Rafael Nadal : Champion

Feb 1, 2009

The final of the Australian Open – Rodger Federer vs. Rafael Nadal – finished just hours ago, and the tennis world is still revelling in its grandeur. Great finals in the Grand Slams are always expected, (particularly after the Wimbledon final 2008), and today’s Australian Open’s final certainly did its job at keeping the crowds captivated. The end result: once again Rafael Nadal has come out victorious against his greatest opponent. The match was electrifying to watch, but what more do we expect from these two rivals?

This year’s Aussie Open final was played out in five sets of intense tennis, brilliant from both sides. Both Rodger and Rafa were a little nervous at the beginning, with some mistakes made and the momentum alternating between the two of them as the games flew by. Nadal took the first set, but Federer did not relinquish it without a fight. Despite the flutters of nerves, Federer had the experience of playing in these important finals. This would no doubt give him an edge if his tennis were to stay on par with the Spaniard’s. Unfortunately, it just wasn’t enough for the first set, and Federer lost it 5-7.

There was little doubt in peoples’ minds that this was going to be a long match. Five set battles are the norm for these two when it comes to the finals, particularly when playing each other. Federer must have been thinking exactly the same thing; he picked himself up after the first set loss in a way that was definitive of his calm and measured nature, and won the second set comfortably. The third set went into a tiebreak, and Federer was woefully unable to convert any of the fantastic opportunities he made for himself. With Rafa needing treatment for thigh cramp, it seemed as though Federer might actually have a chance of capitalising on some of the break points he created. But that was oddly not the case, with Federer being unable to take the chances he created. Nadal went on to win the third set, the momentum swinging to his side once again.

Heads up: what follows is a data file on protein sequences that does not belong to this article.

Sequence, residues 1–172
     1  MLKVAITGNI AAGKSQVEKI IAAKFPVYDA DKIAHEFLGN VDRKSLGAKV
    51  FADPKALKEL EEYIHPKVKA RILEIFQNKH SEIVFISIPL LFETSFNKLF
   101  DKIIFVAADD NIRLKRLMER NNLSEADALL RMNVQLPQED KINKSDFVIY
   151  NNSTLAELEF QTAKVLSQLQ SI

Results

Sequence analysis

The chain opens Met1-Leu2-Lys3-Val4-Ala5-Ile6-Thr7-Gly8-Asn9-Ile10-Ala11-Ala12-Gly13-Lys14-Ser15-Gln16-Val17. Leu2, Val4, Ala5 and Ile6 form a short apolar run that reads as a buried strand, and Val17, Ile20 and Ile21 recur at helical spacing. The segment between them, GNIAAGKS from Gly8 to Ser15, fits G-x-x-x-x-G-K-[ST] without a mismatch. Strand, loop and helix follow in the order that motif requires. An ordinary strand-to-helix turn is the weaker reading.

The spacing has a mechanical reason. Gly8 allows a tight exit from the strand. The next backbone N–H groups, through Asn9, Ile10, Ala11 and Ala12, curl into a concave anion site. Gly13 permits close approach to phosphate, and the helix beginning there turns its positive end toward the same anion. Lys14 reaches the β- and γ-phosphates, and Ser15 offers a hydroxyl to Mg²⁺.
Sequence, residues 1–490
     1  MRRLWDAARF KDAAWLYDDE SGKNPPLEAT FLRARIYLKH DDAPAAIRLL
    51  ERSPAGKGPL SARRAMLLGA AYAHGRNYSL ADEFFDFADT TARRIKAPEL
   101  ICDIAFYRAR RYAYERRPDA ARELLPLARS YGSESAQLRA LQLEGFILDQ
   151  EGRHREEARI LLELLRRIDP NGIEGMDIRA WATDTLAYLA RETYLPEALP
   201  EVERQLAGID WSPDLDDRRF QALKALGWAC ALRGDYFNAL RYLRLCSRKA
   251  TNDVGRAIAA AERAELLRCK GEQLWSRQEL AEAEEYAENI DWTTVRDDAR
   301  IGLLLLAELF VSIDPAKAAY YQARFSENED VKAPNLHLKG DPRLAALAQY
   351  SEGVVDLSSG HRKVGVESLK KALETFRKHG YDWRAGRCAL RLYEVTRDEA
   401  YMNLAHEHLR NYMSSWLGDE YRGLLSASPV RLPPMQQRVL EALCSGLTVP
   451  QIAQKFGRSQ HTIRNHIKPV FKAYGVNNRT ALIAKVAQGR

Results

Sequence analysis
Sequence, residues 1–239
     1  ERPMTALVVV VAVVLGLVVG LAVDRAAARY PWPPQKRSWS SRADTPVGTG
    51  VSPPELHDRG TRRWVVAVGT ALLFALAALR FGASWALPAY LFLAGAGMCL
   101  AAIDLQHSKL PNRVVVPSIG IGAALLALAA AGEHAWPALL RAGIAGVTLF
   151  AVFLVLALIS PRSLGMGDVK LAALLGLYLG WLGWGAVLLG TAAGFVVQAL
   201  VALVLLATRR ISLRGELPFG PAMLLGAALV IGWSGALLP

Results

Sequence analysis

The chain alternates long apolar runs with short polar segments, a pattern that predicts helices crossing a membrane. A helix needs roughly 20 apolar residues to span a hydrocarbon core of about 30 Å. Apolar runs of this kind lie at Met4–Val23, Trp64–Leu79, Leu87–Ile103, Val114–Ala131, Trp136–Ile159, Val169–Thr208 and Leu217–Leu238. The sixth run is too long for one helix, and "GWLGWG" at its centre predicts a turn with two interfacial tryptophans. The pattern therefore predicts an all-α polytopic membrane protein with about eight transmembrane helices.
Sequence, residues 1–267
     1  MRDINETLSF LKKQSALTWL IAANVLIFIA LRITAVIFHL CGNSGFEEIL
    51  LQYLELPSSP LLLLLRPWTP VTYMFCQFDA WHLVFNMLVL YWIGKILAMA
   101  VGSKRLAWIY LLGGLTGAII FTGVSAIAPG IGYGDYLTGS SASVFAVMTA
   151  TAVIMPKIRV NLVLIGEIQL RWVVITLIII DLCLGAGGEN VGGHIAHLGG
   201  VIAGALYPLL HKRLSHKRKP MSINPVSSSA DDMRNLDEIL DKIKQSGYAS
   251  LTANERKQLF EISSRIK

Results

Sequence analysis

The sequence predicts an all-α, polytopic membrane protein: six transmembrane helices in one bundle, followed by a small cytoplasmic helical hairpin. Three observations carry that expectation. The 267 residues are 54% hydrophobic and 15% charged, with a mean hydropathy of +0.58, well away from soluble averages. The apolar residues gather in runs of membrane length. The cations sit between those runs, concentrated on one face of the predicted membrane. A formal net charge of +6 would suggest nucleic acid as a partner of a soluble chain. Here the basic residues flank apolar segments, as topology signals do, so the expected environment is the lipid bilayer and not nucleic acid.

Finding yourself a set down in a match is a terrifying prospect that nags at the back of the mind. For Federer, it looked as though that feeling was doing his game good, and he managed to pick himself up to create an electrifying fourth set. On top of this, it seemed as though Federer was beginning to break through Nadal’s game. Fatigue was starting to set in for Nadal – after all his semi-final match had been a five set battle – and Federer seemed reluctant to let him forget it.

But the fifth set was a poor affair for the world number two. Just as Federer had done before, Nadal mustered together mental and physical strength to get a lead 5-2. The errors were everywhere; so too was Federer’s game. Whatever exhaustion and desperation Federer must have been feeling, he put it aside to continue to fight to the end. But it was his own mistakes which brought Nadal to the championship points. After fending away two, Federer made his final error and sent a forehand long; the match was now finished after four hours and 23 minutes of play.

It warms and saddens the heart to watch the trophies awarded at the end of the Grand Slams, and it was no exception today. On the one hand, I was overjoyed to see Nadal win and knew that a lot of effort and sacrifice had gone in to his first win at the Australian Open. But on the other hand, you also know how much had gone into Federer’s game, and it had still not been enough. He has yet to level Pete Sampras’ record of 14 Grand slam titles, and it was obvious from his on-court interview how being runner-up again felt for him: “I’ve felt better. Maybe I’ll try later. God, it’s killing me.”

But Nadal had encouraging words for his friend, and you can’t help but see the truth behind them: “Just remember you are a great champion and you’re one of the best in history.”

Nadal and Federer will both go down in history as creating some of the most scintillating matches of tennis out there; matches of brilliance and fortitude that make tennis the sport that it is. Rafael Nadal goes home today as Australian Open Grand Slam Champion 2009, but we’re not even close to the end of this story, not just yet…

 

-          SophieG

 

Written by: SophieG

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